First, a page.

This is a guest article by Michelle F. from lovingfromadistance.com.

Is checking your boyfriend or girlfriend’s email okay?

In a word, NO.

I would never give my boyfriend the password to my email address and he would never give me his. Is it because we don’t trust each other? No. We value our privacy and respect each other’s privacy. We trust each other completely.

Why is sharing your passwords with your boyfriend or girlfriend not the smartest thing to do?

A boyfriend innocently gives his girlfriend his password to his email so she can check something for him when he can’t get on a computer to get online. He doesn’t bother to change the password after, and the girlfriend remembers her boyfriend’s quirky password.

Somewhere down the road, she gets a little suspicion that he may be flirting with another girl. So what is the first thing she does? Checks his email of course. She may even try out the password on some of his other online accounts. She may find nothing, but ever since she first snooped, she begins to habitually check his email and becomes obsessive; addicted even. She knows it’s wrong but can’t help to use this to her “advantage” to keep an eye on her boyfriend. If her boyfriend found out she’d feel ashamed and embarrassed, but she can’t help but feel tempted to check her boyfriend’s email – and in a way she feels that as long as he doesn’t know she is checking his email, it’s “okay.”

Should she really be in this relationship if she can’t trust her boyfriend?

The above scenario happens all the time.

Frank and I give long distance relationship advice both on and off our site. We have come across quite a few snoopers along the way. Most snoopers are good people that acquired their boyfriend’s or girlfriend’s password innocently. If your boyfriend ever gave you his password, might you not feel tempted to go back and read his emails? Even if you had no reason to feel suspicious? For most habitual snoopers, once they start, they can’t stop.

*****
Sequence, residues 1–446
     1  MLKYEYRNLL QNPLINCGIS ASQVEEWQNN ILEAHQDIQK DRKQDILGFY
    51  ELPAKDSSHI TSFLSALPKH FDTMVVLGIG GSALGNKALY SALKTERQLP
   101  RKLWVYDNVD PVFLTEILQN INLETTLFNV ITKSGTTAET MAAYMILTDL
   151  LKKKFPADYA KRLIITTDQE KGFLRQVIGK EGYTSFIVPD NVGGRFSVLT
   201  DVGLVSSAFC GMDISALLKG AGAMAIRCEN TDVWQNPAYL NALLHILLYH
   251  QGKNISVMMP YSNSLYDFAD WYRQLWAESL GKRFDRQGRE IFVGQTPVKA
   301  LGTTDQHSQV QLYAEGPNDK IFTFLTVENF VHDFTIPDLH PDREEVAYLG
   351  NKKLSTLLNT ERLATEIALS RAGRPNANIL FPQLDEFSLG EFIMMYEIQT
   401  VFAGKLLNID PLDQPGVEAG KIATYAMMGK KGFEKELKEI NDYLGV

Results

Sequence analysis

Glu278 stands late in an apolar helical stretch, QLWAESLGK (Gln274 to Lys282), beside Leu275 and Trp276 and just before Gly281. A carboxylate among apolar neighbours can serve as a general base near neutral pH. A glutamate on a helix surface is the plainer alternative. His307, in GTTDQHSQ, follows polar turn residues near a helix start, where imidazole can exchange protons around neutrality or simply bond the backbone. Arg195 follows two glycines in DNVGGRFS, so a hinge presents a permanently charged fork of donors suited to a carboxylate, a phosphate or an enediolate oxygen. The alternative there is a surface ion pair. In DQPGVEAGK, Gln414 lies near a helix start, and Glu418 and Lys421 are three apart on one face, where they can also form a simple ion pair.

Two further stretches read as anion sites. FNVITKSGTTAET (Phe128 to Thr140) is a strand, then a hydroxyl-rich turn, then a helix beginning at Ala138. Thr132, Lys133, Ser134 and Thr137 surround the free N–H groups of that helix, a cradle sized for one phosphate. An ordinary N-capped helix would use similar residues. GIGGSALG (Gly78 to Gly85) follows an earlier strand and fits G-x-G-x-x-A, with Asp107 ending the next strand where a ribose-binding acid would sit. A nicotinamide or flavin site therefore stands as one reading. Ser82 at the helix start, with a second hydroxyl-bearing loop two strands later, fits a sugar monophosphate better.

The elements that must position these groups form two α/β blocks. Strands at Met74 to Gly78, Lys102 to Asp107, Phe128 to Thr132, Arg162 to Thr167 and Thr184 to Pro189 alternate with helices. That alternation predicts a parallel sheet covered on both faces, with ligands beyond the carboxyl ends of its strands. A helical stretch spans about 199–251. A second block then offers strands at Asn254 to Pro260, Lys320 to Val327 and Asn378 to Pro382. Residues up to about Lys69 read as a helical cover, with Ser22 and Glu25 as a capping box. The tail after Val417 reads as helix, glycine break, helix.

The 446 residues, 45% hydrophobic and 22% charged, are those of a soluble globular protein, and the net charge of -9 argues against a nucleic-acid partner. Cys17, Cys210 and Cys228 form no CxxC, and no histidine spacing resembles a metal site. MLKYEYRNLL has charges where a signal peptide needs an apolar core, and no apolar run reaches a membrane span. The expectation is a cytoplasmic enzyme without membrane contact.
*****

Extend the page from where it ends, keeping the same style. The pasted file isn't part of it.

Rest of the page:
That is why I advise people to not share their passwords with anyone, not even a boyfriend or girlfriend.

But what if you are a snooper, and you stumbled across something that indicates your boyfriend wasn’t truthful, or is talking to someone he shouldn’t be, or even cheating?

We say, confront him or her.

If you found evidence of his/her wrongdoings, let him/her know you know rather than keeping silent to avoid admitting that you’re a snoop.

Your relationship has problems: you have no trust and he/she is dishonest. Get everything out in the clear if you expect to salvage the relationship. A relationship cannot survive if there is secrecy, distrust, and dishonesty. You both did something wrong and now is the chance to make things right and get things out in the open.

Want to quit the snooping addiction?

Even if you haven’t dug up any dirt when you’ve snooped, you have to quit snooping. However, it can be hard to stop when you still know your boyfriend/girlfriend’s password – especially if something comes up that gives you the urge. If you’re snooping, you have trust issues and now is a better time than never to work on learning how to trust again.

As with any sort of addicting behavior, the only way to begin to overcome the addiction is to remove the source of temptation. Nip this in the bud as early as possible – you have to let them know about your snooping so they can change their password(s) to get rid of that temptation. As long as you know their password, you will always have that temptation there.

If they had nothing to hide, they will either take it well or they will be really upset that you didn’t trust them. However, like you, they’ll want you to be able to trust them and will be more keen to working with you on your trust issues.

Haven’t snooped yet?

If you haven’t snooped and are reading this because you are wondering if snooping is okay, or justifiable, the answer is an obvious no. If you ever want to find something out – if you have those sneaking suspicions your boyfriend or girlfriend is up to no good – then the only right way to handle the situation is to simply ASK.

Snooping is a symptom of a relationship with poor communication and trust issues.

When people come to us for long distance relationship advice, their problem is always related to poor communication. Couples tend to avoid talking about their individual concerns because they are afraid of rocking the boat: they are scared to ask questions that haunt their thoughts (eg. “Are you cheating on me?”). They resort to snooping to find out the truth, but how good is this evidence if you cannot use it against your partner because you do not want to let them know you are a snoop?

The best thing you can do is bring up your issues, talk them out, ask the questions you want to ask. Your relationship will benefit from it more than you will benefit from being quiet and letting the problems eat away at your relationship without a word.

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